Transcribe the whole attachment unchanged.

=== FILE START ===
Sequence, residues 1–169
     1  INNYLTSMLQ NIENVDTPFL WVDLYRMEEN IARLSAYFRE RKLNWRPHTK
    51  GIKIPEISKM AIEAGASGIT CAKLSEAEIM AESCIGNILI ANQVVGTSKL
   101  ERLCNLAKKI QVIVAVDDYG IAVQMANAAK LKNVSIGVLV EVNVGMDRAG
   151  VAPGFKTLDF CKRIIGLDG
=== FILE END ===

Sequence, residues 1–169
     1  INNYLTSMLQ NIENVDTPFL WVDLYRMEEN IARLSAYFRE RKLNWRPHTK
    51  GIKIPEISKM AIEAGASGIT CAKLSEAEIM AESCIGNILI ANQVVGTSKL
   101  ERLCNLAKKI QVIVAVDDYG IAVQMANAAK LKNVSIGVLV EVNVGMDRAG
   151  VAPGFKTLDF CKRIIGLDG